Famine in America?

Legume varietes (Image at www.cintdis.org)

Legume varietes (Image at http://www.cintdis.org)


Erik Scott is a seed dealer and agronomist from South Dakota in the US. In this interview, he states that a famine in the US is quite likely for two reasons:

  • Very narrow seed genetics
  • Dependence on imported nitrogen fertilizer

Erik explains that farmers in his area used to grow a wide variety of crops, saved and developed their own seed varieties. Now the main crops are corn and soy, both of these are genetically modified. These crops are grown for several reasons:

Limited genetics in seed – like the Irish potato famine.

A farmer may buy hybrid seeds from 5 different companies but the seeds can all be from the same genetic family. This is setting the US up for a similar disaster to the Irish potato famine of the 1840’s. The Irish grew the “lumper” variety of potato. They were all clones of each other. So when a fungal disease hit, the lumper potato harvest failed. The Andes, where potatoes originated, have 5000 varieties of potatoes. When disease or adverse weather conditions occur there, some potatoes varieties always survive. Famine is avoided by having diversity.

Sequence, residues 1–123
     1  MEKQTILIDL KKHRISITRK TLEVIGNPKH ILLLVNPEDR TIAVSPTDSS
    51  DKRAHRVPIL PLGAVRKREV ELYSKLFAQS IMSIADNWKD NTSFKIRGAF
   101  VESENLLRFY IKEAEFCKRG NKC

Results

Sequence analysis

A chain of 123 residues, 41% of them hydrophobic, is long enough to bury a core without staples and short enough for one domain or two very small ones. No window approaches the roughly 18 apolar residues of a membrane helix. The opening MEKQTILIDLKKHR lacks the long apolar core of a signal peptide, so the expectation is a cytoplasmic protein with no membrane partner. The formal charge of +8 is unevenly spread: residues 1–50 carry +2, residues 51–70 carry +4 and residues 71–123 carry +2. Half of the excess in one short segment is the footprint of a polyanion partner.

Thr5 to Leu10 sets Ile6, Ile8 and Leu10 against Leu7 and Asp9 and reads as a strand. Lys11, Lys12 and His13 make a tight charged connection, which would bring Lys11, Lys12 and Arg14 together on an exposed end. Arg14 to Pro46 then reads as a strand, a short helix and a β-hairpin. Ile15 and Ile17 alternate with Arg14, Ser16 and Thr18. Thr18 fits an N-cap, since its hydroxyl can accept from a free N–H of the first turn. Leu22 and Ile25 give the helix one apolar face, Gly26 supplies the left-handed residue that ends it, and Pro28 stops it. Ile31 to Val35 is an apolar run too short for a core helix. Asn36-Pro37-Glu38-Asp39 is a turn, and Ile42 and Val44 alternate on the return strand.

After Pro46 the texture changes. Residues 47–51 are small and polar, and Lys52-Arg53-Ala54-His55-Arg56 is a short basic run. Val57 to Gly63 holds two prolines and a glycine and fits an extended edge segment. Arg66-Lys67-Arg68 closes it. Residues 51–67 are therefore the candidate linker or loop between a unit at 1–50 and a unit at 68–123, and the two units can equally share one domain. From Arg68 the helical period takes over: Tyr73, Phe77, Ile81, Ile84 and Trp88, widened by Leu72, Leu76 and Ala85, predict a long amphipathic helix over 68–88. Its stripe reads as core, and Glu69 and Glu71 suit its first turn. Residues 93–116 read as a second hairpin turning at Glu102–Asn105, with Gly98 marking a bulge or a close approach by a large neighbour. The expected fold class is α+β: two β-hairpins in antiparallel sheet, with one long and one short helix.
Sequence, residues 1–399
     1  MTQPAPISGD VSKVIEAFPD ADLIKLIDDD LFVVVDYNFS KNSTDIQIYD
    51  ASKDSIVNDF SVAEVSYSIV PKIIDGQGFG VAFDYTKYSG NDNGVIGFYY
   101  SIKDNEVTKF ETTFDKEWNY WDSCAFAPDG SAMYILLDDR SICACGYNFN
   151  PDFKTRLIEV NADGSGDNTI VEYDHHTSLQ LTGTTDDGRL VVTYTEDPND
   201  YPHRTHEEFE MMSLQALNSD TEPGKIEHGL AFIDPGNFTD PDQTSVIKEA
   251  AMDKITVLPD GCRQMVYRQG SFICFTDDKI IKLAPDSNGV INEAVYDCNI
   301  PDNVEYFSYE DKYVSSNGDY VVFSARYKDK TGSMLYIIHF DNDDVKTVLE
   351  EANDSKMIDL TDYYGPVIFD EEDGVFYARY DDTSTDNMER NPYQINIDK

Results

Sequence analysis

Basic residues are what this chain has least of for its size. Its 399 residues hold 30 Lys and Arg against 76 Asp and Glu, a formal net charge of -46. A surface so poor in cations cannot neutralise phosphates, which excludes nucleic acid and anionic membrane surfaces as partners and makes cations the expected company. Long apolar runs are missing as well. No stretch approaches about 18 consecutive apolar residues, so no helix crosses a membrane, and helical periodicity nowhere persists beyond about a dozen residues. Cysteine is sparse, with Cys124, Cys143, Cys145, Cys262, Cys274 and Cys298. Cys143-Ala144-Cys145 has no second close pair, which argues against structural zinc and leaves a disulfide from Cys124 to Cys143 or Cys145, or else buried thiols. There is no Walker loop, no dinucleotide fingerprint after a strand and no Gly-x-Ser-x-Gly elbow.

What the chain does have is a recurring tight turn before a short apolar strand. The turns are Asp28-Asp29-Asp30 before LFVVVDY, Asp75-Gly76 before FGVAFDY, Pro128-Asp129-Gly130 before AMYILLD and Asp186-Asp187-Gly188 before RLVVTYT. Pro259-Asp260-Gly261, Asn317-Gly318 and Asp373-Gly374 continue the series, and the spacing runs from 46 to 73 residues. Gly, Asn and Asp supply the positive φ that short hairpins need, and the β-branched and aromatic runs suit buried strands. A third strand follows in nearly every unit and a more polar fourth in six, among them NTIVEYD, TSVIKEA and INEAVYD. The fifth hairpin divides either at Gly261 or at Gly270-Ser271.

Nitrogen fertilizer

Crop rotation and animal manures were the traditional way to enrich the soil with nitrogen. Then the Haber Bosch process allowed inorganic nitrogen fertilizer to be produced. It is very energy intensive to manufacture but it allows the continuous growing of corn and soy on the same fields year after year. The US imports this nitrogen fertilizer and Erik Scott sees this dependence as equivalent to the US’s dependence on imported oil.

Read the full post at MADGE


What do YOU think?

Fill in your details below or click an icon to log in:

WordPress.com Logo

You are commenting using your WordPress.com account. Log Out /  Change )

Google+ photo

You are commenting using your Google+ account. Log Out /  Change )

Twitter picture

You are commenting using your Twitter account. Log Out /  Change )

Facebook photo

You are commenting using your Facebook account. Log Out /  Change )


Connecting to %s